The Competition Appeal Tribunal has upheld the Competition and Markets Authority’s decision on five out of six challenged grounds.
In December 2021, Meta launched an appeal against the CMA’s decision that Meta’s acquisition of Giphy would lead to a substantial lessening of competition (SLC). Following an in-depth investigation, the CMA had found that Meta’s purchase of Giphy would reduce competition between social media platforms and had already removed Giphy as a potential challenger in the display advertising market in the UK. The CMA’s decision required Meta to sell Giphy to a purchaser approved by the CMA.
Meta sought an order from the CAT quashing the CAM’s decision on seven grounds:
- Ground 1: (i) that the CMA misdirected itself in law or misapplied the test in section 35(1)(b) of the Enterprise Act 2002 (EA 2002) in its finding that a horizontal SLC arose from a loss of dynamic competition, or (ii) that the CMA’s finding of a horizontal SLC was unreasonable.
- Ground 2: the CMA’s finding of a horizontal SLC contradicted or was inconsistent with the CMA’s definition of the market on which it concluded that Meta competes.
- Ground 3: the counterfactual used by the CMA did not rationally follow from the CMA’s findings of fact and was inadequately specified.
- Ground 4: the Decision was procedurally flawed and otherwise unlawful because (i) the CMA acted unfairly and/or in breach of its duty to consult under section104 of the EA 2002, or (ii) the excisions to the Decision amounted to an unlawful failure to give reasons.
- Ground 4A: the Decision was ultra vires and void in its entirety as the determination of the merger reference was unlawfully delegated to the chair of the CMA group and then sub-delegated to CMA staff.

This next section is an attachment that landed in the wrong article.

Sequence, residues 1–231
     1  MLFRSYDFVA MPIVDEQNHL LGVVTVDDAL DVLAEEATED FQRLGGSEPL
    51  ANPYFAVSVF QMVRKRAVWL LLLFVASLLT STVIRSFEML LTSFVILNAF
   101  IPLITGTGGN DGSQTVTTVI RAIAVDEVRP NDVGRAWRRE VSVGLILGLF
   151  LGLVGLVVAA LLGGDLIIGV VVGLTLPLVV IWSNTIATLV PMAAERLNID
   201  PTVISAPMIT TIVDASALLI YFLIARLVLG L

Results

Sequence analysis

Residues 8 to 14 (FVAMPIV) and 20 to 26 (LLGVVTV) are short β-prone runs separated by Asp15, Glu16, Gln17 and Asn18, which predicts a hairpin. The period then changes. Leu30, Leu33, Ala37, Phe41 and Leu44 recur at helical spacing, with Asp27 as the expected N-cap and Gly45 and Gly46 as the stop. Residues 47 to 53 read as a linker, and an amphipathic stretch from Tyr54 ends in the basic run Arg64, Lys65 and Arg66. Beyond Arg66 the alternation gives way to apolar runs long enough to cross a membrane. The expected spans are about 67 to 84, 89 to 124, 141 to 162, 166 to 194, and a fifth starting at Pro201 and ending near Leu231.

- Ground 5: the CMA failed properly to assess the remedy it would have imposed in relation to the vertical SLC in isolation and/or any option beyond the divestment of GIPHY by Meta.
- Ground 6: in determining the remedy for the horizontal and vertical SLCs, the CMA acted irrationally and/or disproportionately, or acted ultra vires under section 35(3) of the EA 2002.
The CAT unanimously dismissed all of Meta’s Grounds except part of Ground 4. It decided that:
- In relation to Ground 1, the CMA correctly directed itself to the test it had to apply, and the decision made by the CMA was one that it was entitled to make.
- In relation to Ground 2, the CMA acted rationally to put itself in a position properly to apply the substantial lessening of competition test in a case of dynamic competition.
- As regards Ground 3, the CMA’s conclusions as to the counterfactual were, as conclusions in relation the static competition position, unassailable.
- In respect of the first element of Ground 4, the Tribunal doubted whether the CMA could be criticised for making insufficient inquiries of any person assuming there was proper consultation and saw no basis for suggesting that the CMA’s investigation was impeachable on a judicial review. However, it said that in respect of the second element of Ground 4, the CMA failed to properly consult and wrongly excised portions from the Decision. The CMA’s approach to disclosure in this case overly favoured confidentiality concerns of third parties.
- Ground 4A failed as the named individual members of the CMA group are not expected to personally conduct a merger investigation and personally draft the CMA’s provisional findings and final decision.
- Ground 5 was dismissed as it was predicated on a successful challenge to the horizontal SLC and the Tribunal had concluded that Meta’s substantive challenges to the horizontal SLC in Grounds 1 to 3 all failed.
- On the basis that the CMA’s decisions regarding the horizontal and vertical SLCs were unimpeachable, Ground 6 failed as section 35 and 41 of the EA 2002 confer a broad and wide discretion on the CMA in crafting remedies in relation to completed mergers and the remedies ordered by the CMA were not irrational and well within its remedial powers.
The CMA has welcomed the CAT’s decision.